[The following is a continuation of a class given on Anuccheda 134 of Bhakti Sandarbha]
Someone may object that knowledge about Bhagavān is not nirguṇa, but is only called nirguṇa figuratively (lakṣaṇika-artha) because it leads to the nirguṇa position. In other words, because it leads to the nirguṇa position it is called nirguṇa, but in itself it is not actually nirguṇa.
For example, when hailing a taxi or rickshaw, the driver of a taxi can be called “taxi”, or a rickshaw driver can be called “rickshaw”. This is a secondary meaning – the person is neither a taxi nor a rickshaw.
Jīva Gosvāmī explains that this argument is an instance of forced interpretation (kaṣṭa-kalpanā). This interpretation is unwanted, unnecessary and has no basis, because it militates against the statements we have heard earlier (e.g. SB 11.25.33) which indicate that worship of Bhagavān is beyond the guṇas – so how then would those statements be explained? Therefore, it is wrong to give such an interpretation.
Another reason this figurative meaning of nirguṇa has no basis is that since kaivalya-jñāna also leads to the nirguṇa state, there would be no difference between bhakti and kaivalya-jñāna, since they would both be means which lead to the nirguṇa state. If this were the case, why has a difference been made between these two categories?
It is therefore concluded that a lakṣaṇika, or figurative secondary, meaning need not be applied, but that knowledge of Bhagavān is indeed nirguṇa. That is the nature of knowledge of Bhagavān.
Even the happiness arising from the realization of Bhagavān is to be affirmed as nirguṇa. Jīva Gosvāmī first discusses knowledge, then subsequently he discusses different categories of happiness.
sāttvikaṁ sukham ātmotthaṁ
viṣayotthaṁ tu rājasam
“Happiness derived from the [pure] self is sāttvika; that which arises from sense objects is rājasika; that which results from delusion and wretchedness is tāmasika; whereas the happiness that ensues by taking refuge in Me is nirguṇa.” (SB 11.25.29)
Thus, the happiness coming from bhakti, or from knowing Bhagavān is also nirguṇa. Happiness derived from the pure self is sāttvika; happiness that arises from sense objects is rājasika; happiness that results from delusion and wretchedness is tāmasika; happiness that ensues from taking refuge in Bhagavān is nirguṇa.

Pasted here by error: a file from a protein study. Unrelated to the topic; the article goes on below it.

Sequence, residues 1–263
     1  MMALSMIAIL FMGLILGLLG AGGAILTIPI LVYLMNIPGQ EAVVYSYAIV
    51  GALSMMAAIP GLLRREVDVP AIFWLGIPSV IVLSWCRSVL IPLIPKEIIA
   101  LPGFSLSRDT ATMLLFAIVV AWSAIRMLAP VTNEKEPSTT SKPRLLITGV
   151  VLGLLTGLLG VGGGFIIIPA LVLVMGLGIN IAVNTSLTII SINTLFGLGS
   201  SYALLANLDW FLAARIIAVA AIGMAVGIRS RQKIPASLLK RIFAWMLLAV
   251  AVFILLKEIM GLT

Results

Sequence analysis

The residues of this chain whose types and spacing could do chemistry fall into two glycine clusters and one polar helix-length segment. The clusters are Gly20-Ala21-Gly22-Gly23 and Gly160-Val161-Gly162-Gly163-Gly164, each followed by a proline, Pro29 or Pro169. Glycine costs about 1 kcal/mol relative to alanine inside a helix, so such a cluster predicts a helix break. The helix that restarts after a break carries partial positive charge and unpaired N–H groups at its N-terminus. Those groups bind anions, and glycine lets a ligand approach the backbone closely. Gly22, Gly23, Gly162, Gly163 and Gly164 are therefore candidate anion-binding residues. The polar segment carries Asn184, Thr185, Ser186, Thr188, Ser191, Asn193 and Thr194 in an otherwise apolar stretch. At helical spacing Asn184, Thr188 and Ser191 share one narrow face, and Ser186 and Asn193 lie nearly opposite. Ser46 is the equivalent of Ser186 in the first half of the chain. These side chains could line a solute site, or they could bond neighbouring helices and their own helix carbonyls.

The happiness arising from the realization of Bhagavān, or bhakti, is affirmed to be nirguṇa, since the exalted devotees, who are themselves nirguṇa, are its one and only cause (tad-eka-nidāna), as expressed in the First Canto:
syān mahat-sevayā viprāḥ
“O learned brāhmaṇas, by visiting or dwelling in a holy place and by service to highly realized devotees, attraction for the narrations of Bhagavān Vāsudeva comes about for a person endowed with firm faith, who is eager to hear.” (SB 1.2.16)
By hearing highly realized devotees speaking, one gets śraddhā, and ṣraddhā in bhakti is also nirguṇa (as explained in SB 11.25.27). This means their statements are also nirguṇa because something which is in the guṇas cannot lead to nirguṇa.
BRAHMA-JÑĀNA IS SELF-DISCLOSED IN TWO TYPES OF PRACTITIONERS
Jīva Gosvāmī raises another objection – according to the following statement of Bhagavān Matsyadeva, even knowledge of Brahman is manifest by Bhagavān’s mercy.:
madīyaṁ mahimānaṁ ca
paraṁ brahmeti śabditam
vetsyasy anugṛhītaṁ me
sampraśnair vivṛtaṁ hṛdi
“You will also know My glory, which is celebrated as Parabrahman, for it will be thoroughly revealed to you within your heart, both as a result of your own profound inquiry and through My favor.” (SB 8.24.38)
Such being the case, how can it be said that brahma-jñāna is saguṇa, or related to the material quality of sattva? In other words, if it comes by the grace of Bhagavān (and, of course, this grace is Bhagavān’s real grace, coming to his devotee King Satyavrata; not like the semblance of mercy shown to the devas, as described previously), and by this grace Satyavrata is going to have knowledge of Brahman, then how can this knowledge be considered sāttvika? Earlier it was said: kaivalyaṁ sāttvikaṁ jñānam—the knowledge of Brahman is sāttvika. How can it be sāttvika when it comes by the grace of Bhagavān?
Jīva Gosvāmī replies by explaining that brahma-jñāna is self-disclosed in two types of practitioners. Brahmavādis, followers of Brahman, can have brahman-realization, and devotees can also have experience of Brahman, but their realizations are not the same. The knowledge of devotees is nirguṇa, whereas the knowledge of those who are following Brahman as the ultimate goal is saguṇa—that is, in sattva.
For devotees, brahma-jñāna is not like the brahma-jñāna experienced by brahmavādis, where there is a complete loss of knower, knowledge and knowable. Because they are devotees, they already have the conception that “I am the eternal servant of Bhagavān,” so even if they have brahman-realization, they do not become absolutely one with it, because that is not their conception. Devotees don’t think that they are one with Brahman. They know that they are distinct from Brahman and that Brahman is also Bhagavān, but without manifest qualities. Therefore their experience is nirguṇa and their knowledge is nirguṇa. Advaitavādis however, have a different conception. When they have brahma-sakṣat-kāra, they will experience complete oneness, and that is sattva.